The difference between analysis with aggregate vs. disaggregate data
One of the most practical and universally applicable ways to deal with marketing measurement is to combine disaggregate tracking insights with aggregate analysis. To aggregate data is to compile and summarize data while to disaggregate data is to break down aggregated data into component parts or smaller units. For those of you familiar with this space, I’m talking about using Marketing Mix Modeling (MMM) to provide a holistic view of incrementality (efficiency), coupled with either the analysis of disaggregate data or a full-blown Multi-Touch Attribution Model (MTA), to gain detailed reporting for specific activities that warrant it.
To cover our bases, Marketing Mix Modeling (MMM) is a top-down or aggregated data form of modeling. Popularized in the 1990s, MMM is a reliable way to measure marketing effectiveness and understand the impact of marketing activities on business performance. Identifying the marketing drivers behind performance helps companies understand which drivers are responsible for changes in contributions to sales over time. These learnings when applied to optimizing media budgets help drive long-term performance. But it is also beneficial to couple your modeling with detailed marketing tracking whenever possible.
Multi-Touch Attribution (MTA) provides you with a more granular, person-level view than Marketing Mix Modeling’s aggregate method can ever hope to achieve. It works by looking at individual channels within your marketing mix and collects user-level data to help you determine the impact of your individual touchpoints at the customer level. This type of data allows you to determine the success of interactions across the entirety of your consumer’s journey – at least that’s the theory.
MTA has rather specific data requirements. In some cases, either the data that is available or the cost of the analysis makes it impractical. Often, proper analysis of disaggregate data can serve as an effective surrogate, filling the gap between MMM and person/spot level detail. This approach allows brands to benefit from the common sources of detailed digital data without sacrificing the strategic benefits of aggregate modeling.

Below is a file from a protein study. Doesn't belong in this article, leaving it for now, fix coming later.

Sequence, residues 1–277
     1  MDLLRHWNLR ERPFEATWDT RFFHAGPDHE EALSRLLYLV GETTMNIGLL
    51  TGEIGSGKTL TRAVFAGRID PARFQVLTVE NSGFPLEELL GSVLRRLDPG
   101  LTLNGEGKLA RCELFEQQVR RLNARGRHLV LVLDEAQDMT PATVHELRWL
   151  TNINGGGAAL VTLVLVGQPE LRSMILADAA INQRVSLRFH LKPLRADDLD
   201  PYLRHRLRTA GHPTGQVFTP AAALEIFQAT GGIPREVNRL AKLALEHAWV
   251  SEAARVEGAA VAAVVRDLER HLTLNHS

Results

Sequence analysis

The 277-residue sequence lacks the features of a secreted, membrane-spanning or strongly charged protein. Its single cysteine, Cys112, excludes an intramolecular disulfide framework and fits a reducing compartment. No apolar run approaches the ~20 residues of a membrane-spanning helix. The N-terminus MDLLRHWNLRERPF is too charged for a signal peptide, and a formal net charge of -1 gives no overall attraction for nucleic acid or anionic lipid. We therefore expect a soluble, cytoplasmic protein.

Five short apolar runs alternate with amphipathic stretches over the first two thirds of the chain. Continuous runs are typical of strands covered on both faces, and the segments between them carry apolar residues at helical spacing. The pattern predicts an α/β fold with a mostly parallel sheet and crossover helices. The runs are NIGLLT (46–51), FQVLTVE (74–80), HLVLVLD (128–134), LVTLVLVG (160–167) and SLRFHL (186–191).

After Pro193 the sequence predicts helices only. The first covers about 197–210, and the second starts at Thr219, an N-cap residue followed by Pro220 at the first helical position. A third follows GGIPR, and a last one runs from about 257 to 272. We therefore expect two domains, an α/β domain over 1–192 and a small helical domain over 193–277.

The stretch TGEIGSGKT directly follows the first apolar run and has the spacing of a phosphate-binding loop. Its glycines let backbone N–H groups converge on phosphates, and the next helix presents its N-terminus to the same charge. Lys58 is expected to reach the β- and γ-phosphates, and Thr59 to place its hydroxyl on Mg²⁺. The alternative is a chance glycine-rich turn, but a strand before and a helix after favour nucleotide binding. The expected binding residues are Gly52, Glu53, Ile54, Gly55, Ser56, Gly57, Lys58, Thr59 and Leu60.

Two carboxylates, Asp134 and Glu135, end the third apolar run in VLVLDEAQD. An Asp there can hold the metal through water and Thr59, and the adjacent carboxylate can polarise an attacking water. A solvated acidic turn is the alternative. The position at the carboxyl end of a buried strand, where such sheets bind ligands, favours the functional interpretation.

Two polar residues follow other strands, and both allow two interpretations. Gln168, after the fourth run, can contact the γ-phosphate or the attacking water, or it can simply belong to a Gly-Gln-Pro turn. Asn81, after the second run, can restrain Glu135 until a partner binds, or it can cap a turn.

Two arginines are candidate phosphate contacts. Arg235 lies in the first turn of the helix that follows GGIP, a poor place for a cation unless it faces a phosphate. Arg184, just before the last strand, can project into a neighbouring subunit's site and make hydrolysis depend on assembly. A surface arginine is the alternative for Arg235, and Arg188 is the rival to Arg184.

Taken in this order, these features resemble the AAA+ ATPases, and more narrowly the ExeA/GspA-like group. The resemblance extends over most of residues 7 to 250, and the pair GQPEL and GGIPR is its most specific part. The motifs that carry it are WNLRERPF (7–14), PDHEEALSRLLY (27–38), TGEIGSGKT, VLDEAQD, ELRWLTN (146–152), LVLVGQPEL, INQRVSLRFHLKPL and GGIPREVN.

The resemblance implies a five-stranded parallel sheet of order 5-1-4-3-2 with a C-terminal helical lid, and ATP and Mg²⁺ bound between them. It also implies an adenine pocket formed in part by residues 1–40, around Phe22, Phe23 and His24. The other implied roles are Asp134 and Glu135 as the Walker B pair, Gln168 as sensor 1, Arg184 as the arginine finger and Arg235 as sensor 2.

If you are interested in learning more about marketing effectiveness through modeling and how you can bring this process in-house, you can check out our case study, “How to build an in-house Marketing Mix Modeling Capability" here.
Blending Aggregate and Disaggregate Data to Make a Unified Model
Taken in isolation, both MMM and MTA can provide valuable insights. However, by blending these two types of insight, you can avoid some of the shortcomings that they each have. For example, Marketing Mix Modeling offers insights into overall consumer trends over the long-term, but it’s not always possible to use this older data to inform and influence current campaigns nor may results be granular enough to make tactical suggestions on a micro-transaction level. Multi-Touch Attribution will allow you to gauge the impact of each of the individual digital channels across your marketing mix but often ignores certain elements of the marketing mix and rarely allows you to determine customer trends, account for external factors, or changes like you might be able to see with Marketing Mix Modeling.
By combining both user-level data MTA and aggregate data MMM, you can create a unified model and leverage the strengths of both techniques. Using this blended approach can help you to do things like forecast, estimate your marketing ROI (Return on Investment), and get a more comprehensive view of your overall marketing effectiveness at both the aggregate level and the disaggregate level.
Forrester coined the term “Unified Measurement” in 2016 to describe this process. You aggregate data to a level where you can compare all relevant factors, you use aggregation to unify data so that you can objectively compare all your options, and finally, reveal a holistic picture of what drives your business.
Unified Modeling in Action